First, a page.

Greer, M. (2010). The project management minimalist: Just enough PM to rock your projects! (Laureate custom ed.). Baltimore: Laureate Education, Inc.

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Scheduling and Budgeting Tools for Instructional Designer Project Managers

One of the most vexing aspects of an instructional design (ID) project is accurately estimating schedule and budgets during the planning phase of project management. The project schedule and the project budget, when approved by key stakeholders and the project proponent, are tools used to track and monitor the project in terms of the first two of the “project triple constraints” of time, resources, and scope. The project manager (PM), their supervisors, and other key stakeholders use the approved budget and schedule as a baseline when measuring the project’s progress from initiation to delivery.

So what are some PM information tools that will help PMs accurately estimate costs, effort, or activity durations? For me, I am familiar with what is probably the “granddaddy” of PM automated tools, namely Microsoft Project™. MS Project has been around for at least two-decades as I recollect and maybe longer. Though MS Project has a wide range of powerful scheduling and budget estimation tools, the cost for this tool is somewhat pricey. Therefore, I focused my search this week on tools that were in the public domain as free or available at a low cost.

One of the free PM tools that caught my attention was LibrePlan. For starters, the name suggests its “free” cost attributes.  From Robin Muilwijk at Open Source.com, a tool with support for task management, resource allocation, tracking, Gantt charts, and much more. ProjectLibre is a good alternative to a commercial software product like Microsoft Project. (2014). On the actual website for LibrePlan is this description, “The open source web application for project planning, monitoring and control”.

LibrePlan

One of the features that I liked in LibrePlan was the fact that it provides separate applications for project initiation, Work-Breakdown Schedule (WBS) builds, and resource allocation loads. These applications are titled – Project Lists,   Resource Loads Queue-based Resources Plan.  A great feature of LibrePlan is that these applications are linked and integrated – a feature that makes MS Project so effective for PM.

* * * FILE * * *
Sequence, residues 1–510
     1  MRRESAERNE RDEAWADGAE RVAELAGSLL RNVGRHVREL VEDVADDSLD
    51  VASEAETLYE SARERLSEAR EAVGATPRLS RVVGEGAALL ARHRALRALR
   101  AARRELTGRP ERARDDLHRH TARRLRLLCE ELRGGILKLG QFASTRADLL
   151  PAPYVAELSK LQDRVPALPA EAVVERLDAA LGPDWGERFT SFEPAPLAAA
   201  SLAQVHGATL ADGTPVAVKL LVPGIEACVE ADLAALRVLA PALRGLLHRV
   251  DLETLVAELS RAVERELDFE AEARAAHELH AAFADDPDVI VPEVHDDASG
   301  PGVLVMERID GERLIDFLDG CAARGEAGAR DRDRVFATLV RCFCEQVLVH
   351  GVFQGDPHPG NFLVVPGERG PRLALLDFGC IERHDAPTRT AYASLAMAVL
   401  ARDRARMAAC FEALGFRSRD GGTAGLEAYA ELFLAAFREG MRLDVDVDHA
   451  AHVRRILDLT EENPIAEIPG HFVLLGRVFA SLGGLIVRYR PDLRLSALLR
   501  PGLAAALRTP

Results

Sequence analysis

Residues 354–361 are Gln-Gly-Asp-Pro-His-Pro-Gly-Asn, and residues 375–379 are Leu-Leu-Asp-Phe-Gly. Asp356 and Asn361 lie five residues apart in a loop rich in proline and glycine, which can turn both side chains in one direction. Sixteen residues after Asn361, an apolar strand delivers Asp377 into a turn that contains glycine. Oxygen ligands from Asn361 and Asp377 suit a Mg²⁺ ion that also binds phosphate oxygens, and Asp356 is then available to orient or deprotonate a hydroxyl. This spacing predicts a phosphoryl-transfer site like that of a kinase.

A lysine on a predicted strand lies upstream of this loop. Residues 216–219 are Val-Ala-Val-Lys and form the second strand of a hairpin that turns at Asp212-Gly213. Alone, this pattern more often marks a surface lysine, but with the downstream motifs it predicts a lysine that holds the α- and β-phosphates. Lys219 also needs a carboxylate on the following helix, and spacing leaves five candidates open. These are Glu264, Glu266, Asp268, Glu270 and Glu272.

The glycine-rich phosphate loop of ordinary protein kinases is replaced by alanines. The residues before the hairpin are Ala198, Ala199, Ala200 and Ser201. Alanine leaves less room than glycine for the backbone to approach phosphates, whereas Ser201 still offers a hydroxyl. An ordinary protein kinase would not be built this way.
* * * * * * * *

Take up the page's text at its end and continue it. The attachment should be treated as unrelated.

I am interest is AGILE processes as they relate to PM so another PM tool recommended by Robin Muilvick piqued my interest. Agailefant is a free, for up to five people, cloud based tool that is tailored for AGILE methods and processes.

Agilefantlogo                                Agilefant

One of the best quips on the Agilefant website was this testimonial, “Many project management tools only get used because of management enforcement. Front line code warriors like Agilefant, because it helps them instantly take control of their tasks and time.” (Agilefant, 2014). By way of clarification, Agilefant is geared for software designers using Agile methods; however, I feel that with some modifications, Agilefant would be an effective application for Instructional Designers in the distance learning field.

References:

Muilwijk, R. (2014). Top 5 open source project management tools in 2014. Retrieved from: http://opensource.com/business/14/1/top-project-management-tools-2014

MS Project (2014). Retrieved from http://office.microsoft.com/en-us/project/

LiibrePlan Open Web Planning. (2014). Retrieved from: http://www.libreplan.com/

Agilefant – Simple and Easy. (2014). Retrieved from http://agilefant.com/

A Tale of Three Tells

This week’s assignment was to analyze three modes of communication in the context of the same business message from one colleague to another. Portny et al. note that, “The key to successful project management is effective communications-sharing the right messages with the right people in a timely manner…The ability to communicate well, both orally and writing, is a critical skill for project managers.” (p. 357, 2008). A brief analysis of each communication form follows.